The United States is calling for a conference of donors to help rebuild Iraq, as the costs of occupation increase.
US officials told the Senate Foreign Relations committee they want a donor conference as soon as possible where other nations can pledge funds to help with the reconstruction of Iraq.
Getting Iraq back on its feet will be an expensive task
The need for more resources has become more urgent, as it has become clear that it will take some time for Iraqi oil production to return to its pre-war levels.
And the growing cost of keeping 160,000 troops in the field, which has to be paid by the US taxpayer, has also given a renewed political imperative for finding other sources of funding.
But persuading other nations to help could be tricky.
Under-Secretary of State for Economic Affairs Alan Larson told the committee that "it will not be easy" to persuade European nations to become major donors.
US taxpayer: $2.5bn
Seized assets: $2.5bn
Oil revenues: $5bn
International aid: $1bn
Source: US Treasury, US State Department, USAid
But he said that the UN resolution, and recent statements at the G8 summit of world leaders, were important milestones on the road towards getting the rest of the world to accept its "moral responsibility" for rebuilding Iraq.
So far, the US has been relying on the $2.5bn in seized assets (including $800m from Saddam Hussein's palaces in Baghdad) to pay Iraqi civil servants.
Treasury Under-Secretary for International Affairs John Taylor explained how the US Government flew in $200m in seized cash assets from Andrews Air Force base in Washington to Iraq to meet emergency salary payments.
A Republican Senator, Lincoln Chafee of Rhode Island, expressed scepticism that other countries would be prepared to donate significant amounts of money, and said that inevitably "we would be saddled with an enormous cost".
The cost of keeping US troops at their current level in Iraq is around $3bn per month, or $35bn-$40bn per year.
So far, the US had received pledges of help worth $1.1bn from foreign donors.
The size of the rebuilding task is still unclear to US officials, although they say that the job is made more difficult by the need to restore the damage, not just of the war, but of 25 years of "economic misrule" by Saddam Hussein.
Iraq's overall economy declined from $128bn in 1979 to $40bn in 2001, according to the US Treasury, and measures of health and education also fell sharply.
So far, only six key ministries out of 24 are functioning (including finance, justice, agriculture and trade - which runs the food programme) after the US Agency for International Development (USAid) resupplied their office equipment which had all been looted.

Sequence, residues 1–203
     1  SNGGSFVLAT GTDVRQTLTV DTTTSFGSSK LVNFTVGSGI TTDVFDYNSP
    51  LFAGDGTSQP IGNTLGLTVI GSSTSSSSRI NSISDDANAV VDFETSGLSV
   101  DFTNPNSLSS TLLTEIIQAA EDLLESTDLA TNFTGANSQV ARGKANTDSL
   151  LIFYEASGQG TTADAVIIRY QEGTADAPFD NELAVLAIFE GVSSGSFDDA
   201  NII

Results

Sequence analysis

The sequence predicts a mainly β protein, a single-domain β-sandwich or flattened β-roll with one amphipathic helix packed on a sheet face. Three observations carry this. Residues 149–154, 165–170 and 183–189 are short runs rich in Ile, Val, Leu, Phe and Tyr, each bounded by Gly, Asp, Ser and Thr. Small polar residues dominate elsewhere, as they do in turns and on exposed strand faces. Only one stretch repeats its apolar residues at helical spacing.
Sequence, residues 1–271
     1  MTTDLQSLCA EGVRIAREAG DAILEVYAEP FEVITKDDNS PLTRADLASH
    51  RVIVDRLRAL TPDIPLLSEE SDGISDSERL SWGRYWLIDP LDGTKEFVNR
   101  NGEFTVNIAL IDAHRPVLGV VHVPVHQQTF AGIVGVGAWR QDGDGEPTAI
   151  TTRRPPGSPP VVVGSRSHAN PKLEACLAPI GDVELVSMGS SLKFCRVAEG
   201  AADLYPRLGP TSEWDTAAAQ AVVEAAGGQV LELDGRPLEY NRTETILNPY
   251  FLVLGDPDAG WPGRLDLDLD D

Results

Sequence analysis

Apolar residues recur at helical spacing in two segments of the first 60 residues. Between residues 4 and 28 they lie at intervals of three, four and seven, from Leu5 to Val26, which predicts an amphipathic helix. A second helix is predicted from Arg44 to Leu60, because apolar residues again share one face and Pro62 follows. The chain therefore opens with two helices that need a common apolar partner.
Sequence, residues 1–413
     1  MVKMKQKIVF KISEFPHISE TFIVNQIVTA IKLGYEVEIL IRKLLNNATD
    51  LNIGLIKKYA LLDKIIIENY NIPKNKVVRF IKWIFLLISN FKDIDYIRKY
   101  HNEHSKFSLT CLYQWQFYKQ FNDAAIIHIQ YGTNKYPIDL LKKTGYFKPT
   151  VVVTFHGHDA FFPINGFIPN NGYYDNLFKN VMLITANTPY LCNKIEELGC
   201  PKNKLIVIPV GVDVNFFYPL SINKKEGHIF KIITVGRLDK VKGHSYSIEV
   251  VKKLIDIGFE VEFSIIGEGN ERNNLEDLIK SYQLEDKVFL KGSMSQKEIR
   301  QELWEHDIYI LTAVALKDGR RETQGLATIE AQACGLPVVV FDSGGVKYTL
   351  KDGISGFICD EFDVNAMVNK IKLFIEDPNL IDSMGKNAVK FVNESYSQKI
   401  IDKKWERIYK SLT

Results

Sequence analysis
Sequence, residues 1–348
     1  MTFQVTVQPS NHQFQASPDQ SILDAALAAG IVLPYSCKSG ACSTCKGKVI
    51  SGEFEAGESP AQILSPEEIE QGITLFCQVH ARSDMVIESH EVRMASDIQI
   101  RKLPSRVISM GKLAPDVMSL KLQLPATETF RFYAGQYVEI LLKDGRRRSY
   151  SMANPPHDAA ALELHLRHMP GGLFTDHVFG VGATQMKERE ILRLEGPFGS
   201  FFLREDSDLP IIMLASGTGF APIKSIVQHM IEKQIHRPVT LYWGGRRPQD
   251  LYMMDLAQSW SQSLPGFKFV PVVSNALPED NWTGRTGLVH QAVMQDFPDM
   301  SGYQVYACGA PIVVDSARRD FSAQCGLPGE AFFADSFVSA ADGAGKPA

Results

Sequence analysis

And, according to Mr Taylor, it will take at least six weeks before the World Bank will be able to complete its preliminary assessment of Iraq's long-term needs.
He said that while officials would meet on 24 June to discuss how to pay for rebuilding Iraq, it would not be until September that a formal pledging conference could take place.
Oil and debt
Two key factors loom large in the future of Iraq.
The first is how quickly oil production can resume.
Mr Larson says that he expects oil production to reach one million barrels per day (bpd) by the end of the month, and to hit two million bpd by the end of the year - which would yield a revenue of about $5bn this year, and $14bn-$15bn next year.
The money will initially go into the Iraq Development Fund which is held by the Iraqi central bank but internationally administered.
But Mr Larson said it would be up to the Iraqi people to decide whether they wanted to expand oil production further, which would require a substantial investment of $3bn-$5bn from foreign firms.
And he said that with oil and nationalism so closely linked, the US had to "careful not to be seen as steering Iraq" on key decisions such as whether to remain a member of the Organisation of Petroleum Exporting Countries (Opec).
Another burden that could reduce the amount of money available for reconstruction is the huge external debt owed by the Iraqi nation, estimated by the US Treasury at between $60bn and $130bn.
Repayment of this debt has been suspended until the end of 2004 and the US is pressing for a substantial reduction in debt service after that.
But many smaller countries are resisting that idea, as is Russia, one of the main creditors.
Senator Joe Biden, the leading Democrat on the committee, said that some countries had "exaggerated expectations" of how much of their money would be got back.